Feb. 1, 2022
Eating disorders rose dramatically among young Canadians during COVID’s first wave
Recent research has revealed that the first wave of the pandemic saw a veritable explosion of paediatric hospitalizations across Canada. The catch? The admissions in question were for eating disorders, not COVID-19
“The spike in eating disorder admissions to emergency departments and the long waitlists across eating disorder programs occurred not just in Canada, but internationally,” says Faculty of Social Work professor Dr. Gina Dimitropoulos, PhD. She is one of the authors of a new study that demonstrated an unsettling and concerning rise in anorexia nervosa in young Canadians during the early months of the pandemic.
“We're seeing a rise in new onset eating disorders and the resurgence of disordered eating in people who were well,” says Dimitopoulos, who is also a research leader for the Calgary Eating Disorder Program and member of The Mathison Centre for Mental Health Research and Education, at the Cumming School of Medicine.
“The pandemic and perhaps the necessary public health measures implemented to curtail the spread of COVID may have exacerbated eating problems in young people.”
Troubling statistics emerge from research
The cross-sectional study, led by Dr. Holly Agostino of Montreal Children’s Hospital, found that the incidence of newly diagnosed anorexia nervosa or atypical anorexia nervosa in patients aged nine to 18 increased 60 per cent over pre-pandemic levels, from 24.5 to 40.6 cases per month between Mar. 1 and Nov. 30, 2020, while hospitalizations nearly tripled, from 7.5 to 20 per month during the same period.
Published in the Dec. 7, 2021 Journal of the American Medical Association, “Trends in the Incidence of New-Onset Anorexia Nervosa and Atypical Anorexia Nervosa Among Youth During the COVID-19 Pandemic in Canada” gathered data from six paediatric tertiary care facilities – British Columbia Children’s Hospital (Vancouver), Alberta Children’s Hospital (Calgary), McMaster Children’s Hospital (Hamilton), Montreal Children’s Hospital, Sainte Justine Hospital (Montreal) and Janeway Children’s Hospital (St. John’s).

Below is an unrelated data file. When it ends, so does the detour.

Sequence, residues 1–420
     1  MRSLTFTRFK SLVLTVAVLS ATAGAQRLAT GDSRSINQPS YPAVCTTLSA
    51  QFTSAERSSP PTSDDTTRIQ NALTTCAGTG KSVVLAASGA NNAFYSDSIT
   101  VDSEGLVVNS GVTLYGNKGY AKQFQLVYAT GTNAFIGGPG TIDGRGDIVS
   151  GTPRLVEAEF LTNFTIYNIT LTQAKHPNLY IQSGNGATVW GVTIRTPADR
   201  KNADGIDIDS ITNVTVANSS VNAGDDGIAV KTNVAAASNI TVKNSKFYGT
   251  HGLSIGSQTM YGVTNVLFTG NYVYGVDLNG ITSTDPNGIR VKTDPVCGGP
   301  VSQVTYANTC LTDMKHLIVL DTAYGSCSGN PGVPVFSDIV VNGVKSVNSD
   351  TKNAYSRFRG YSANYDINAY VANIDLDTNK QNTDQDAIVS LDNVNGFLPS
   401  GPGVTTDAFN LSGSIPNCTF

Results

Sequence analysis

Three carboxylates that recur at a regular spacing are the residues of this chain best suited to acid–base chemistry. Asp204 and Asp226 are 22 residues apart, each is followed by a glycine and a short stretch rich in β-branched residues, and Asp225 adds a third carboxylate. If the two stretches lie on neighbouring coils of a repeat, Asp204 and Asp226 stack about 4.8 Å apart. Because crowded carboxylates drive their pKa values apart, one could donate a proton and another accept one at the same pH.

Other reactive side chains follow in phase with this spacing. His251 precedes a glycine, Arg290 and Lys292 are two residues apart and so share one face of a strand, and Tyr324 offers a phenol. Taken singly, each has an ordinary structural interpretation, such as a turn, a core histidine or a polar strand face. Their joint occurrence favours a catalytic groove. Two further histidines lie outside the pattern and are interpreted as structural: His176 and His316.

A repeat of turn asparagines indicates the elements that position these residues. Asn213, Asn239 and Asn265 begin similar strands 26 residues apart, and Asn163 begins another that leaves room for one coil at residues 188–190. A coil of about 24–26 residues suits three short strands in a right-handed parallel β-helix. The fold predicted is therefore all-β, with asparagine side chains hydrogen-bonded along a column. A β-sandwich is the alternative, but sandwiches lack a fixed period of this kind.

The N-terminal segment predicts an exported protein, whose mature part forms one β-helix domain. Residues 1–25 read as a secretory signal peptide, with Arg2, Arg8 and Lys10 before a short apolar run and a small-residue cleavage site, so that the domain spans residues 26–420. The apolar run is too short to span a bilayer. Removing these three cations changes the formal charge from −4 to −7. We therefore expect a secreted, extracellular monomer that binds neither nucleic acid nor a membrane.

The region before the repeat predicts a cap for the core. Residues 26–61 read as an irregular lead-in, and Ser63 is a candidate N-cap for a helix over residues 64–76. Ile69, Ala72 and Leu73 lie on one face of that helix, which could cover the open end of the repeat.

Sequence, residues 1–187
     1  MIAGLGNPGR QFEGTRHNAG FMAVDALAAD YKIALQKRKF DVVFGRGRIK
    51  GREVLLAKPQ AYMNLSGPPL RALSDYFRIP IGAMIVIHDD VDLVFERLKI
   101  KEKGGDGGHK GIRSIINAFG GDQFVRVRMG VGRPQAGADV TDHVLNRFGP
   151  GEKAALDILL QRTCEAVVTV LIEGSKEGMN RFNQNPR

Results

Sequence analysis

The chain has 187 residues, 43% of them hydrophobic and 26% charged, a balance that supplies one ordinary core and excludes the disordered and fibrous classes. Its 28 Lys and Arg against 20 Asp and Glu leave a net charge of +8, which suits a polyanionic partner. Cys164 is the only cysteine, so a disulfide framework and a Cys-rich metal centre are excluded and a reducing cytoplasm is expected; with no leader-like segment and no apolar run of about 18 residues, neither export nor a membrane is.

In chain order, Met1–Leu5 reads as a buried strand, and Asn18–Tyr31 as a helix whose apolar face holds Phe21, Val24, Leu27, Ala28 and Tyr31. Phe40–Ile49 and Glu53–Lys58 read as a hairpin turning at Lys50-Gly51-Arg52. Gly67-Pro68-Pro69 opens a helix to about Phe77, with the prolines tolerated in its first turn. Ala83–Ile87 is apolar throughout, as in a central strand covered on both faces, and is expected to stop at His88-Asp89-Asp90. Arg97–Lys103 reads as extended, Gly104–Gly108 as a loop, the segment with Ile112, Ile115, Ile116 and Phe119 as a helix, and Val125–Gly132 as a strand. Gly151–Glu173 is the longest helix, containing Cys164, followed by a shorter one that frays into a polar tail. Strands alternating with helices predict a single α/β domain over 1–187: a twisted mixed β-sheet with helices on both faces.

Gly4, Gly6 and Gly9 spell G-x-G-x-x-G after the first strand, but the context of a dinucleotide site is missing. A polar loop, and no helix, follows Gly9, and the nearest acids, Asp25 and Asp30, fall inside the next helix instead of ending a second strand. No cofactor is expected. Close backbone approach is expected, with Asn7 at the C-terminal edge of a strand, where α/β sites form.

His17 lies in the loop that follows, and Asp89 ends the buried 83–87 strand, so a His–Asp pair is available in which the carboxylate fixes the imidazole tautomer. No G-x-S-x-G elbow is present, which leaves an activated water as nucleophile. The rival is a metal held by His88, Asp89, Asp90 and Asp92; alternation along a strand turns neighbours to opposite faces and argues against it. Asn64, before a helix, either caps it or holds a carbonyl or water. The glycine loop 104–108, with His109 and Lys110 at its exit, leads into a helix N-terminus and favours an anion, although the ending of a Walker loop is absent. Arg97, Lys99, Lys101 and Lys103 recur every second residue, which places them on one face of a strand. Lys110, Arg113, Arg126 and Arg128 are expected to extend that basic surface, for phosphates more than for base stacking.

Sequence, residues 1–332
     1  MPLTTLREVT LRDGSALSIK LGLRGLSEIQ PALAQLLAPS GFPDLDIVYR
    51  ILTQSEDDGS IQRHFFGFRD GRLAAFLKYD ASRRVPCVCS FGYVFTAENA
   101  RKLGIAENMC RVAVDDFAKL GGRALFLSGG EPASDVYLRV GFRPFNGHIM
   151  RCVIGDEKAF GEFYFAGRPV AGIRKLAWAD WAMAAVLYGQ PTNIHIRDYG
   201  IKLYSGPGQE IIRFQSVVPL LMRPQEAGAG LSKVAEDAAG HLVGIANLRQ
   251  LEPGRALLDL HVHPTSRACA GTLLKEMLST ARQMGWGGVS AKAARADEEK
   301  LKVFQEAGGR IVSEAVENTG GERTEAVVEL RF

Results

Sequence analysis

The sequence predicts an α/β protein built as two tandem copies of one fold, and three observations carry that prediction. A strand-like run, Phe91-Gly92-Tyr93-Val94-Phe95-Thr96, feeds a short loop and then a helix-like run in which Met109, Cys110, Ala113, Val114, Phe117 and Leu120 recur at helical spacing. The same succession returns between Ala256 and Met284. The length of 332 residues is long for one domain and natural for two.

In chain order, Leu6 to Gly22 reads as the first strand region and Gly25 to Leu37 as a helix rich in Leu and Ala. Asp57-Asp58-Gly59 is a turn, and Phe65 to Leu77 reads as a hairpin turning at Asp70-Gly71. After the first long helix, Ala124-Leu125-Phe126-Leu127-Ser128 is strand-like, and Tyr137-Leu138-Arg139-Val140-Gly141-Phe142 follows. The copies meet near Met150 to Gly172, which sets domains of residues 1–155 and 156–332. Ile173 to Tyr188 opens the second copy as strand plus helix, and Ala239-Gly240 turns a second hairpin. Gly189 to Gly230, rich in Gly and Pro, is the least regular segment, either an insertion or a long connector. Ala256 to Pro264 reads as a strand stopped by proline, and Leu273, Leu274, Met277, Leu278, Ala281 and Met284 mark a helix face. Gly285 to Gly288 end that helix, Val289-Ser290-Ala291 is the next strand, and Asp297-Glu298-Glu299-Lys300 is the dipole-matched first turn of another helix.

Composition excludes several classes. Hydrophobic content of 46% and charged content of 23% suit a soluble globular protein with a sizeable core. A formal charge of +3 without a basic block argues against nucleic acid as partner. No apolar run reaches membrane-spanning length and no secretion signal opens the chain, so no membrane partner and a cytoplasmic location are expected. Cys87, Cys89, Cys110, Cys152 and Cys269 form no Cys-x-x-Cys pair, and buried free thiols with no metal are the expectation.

The researchers found that the onset of illness was more rapid and disease severity was greater at presentation than before the pandemic.
“What this means is that young people were presenting in the emergency department with a shorter illness duration and with significant medical complications,” says Dimitropoulos.
Link between stress and symptoms
While research has shown a link between stress and the exacerbation of eating disorder symptoms, the precise drivers of this recent phenomenon have yet to be determined, Dimitropoulos has some theories, though, such as more exposure to social media and the isolation caused by COVID mitigation measures.
“The combination of increased and persistent exposure to harmful messages equating beauty with thinness, personal control with restrictive eating and an overemphasis on strategies (more exercise and watching what you eat) for preventing weight gain during the pandemic may have been a potential trigger for some young people already struggling with body image issues and eating issues,” she says.
Loneliness also meant more time on social media where young people were bombarded with harmful and unrealistic cultural ideals of feminine and masculine beauty — and how people should look on Zoom.
"They were experiencing loss of control and lack of predictability due to the pandemic, while at the same time losing access to their peers and extracurricular activities that may have been a source of distraction from stress.”
The study also notes, however, that during the pandemic’s first wave primary care clinics were closed and there was limited access to mental health resources. As a result, many anorexia nervosa or atypical anorexia nervosa patients may have required urgent care in emergency departments instead.
“In addition to the psychological problems associated with eating disorders, young people also experience significant medical complications that can be life threatening, which is why they need to be seen in the emergency department,” says Dimitropoulos.
Need for more supports
Dimitropoulos is currently analyzing qualitative data — interviews with 20 young people and their families — which she hopes will shed more light on the phenomenon. In the meantime, she says now is the time to begin advocating for better resources, supports and treatments for young people with eating disorders and their families.
“To meet the demand for services and address the long waitlists, we need more supports to assist individuals who are struggling with eating disorders,” she says. “We also need to challenge weight prejudice and overvaluation of thinness or a particular body type which leads to the engagement of eating patterns that are unhealthy and potentially dangerous.”
Eating Disorders Awareness Week takes place Feb. 1 – 7, 2022. Learn more.
Gina Dimitropoulos is a professor in the Faculty of Social Work and is a member of the Alberta Children’s Hospital Research Institute, the Owerko Centre, the Hotchkiss Brain Institute, The Mathison Centre for Mental Health Research and Education, and the O’Brien Institute for Public Health at the Cumming School of Medicine.
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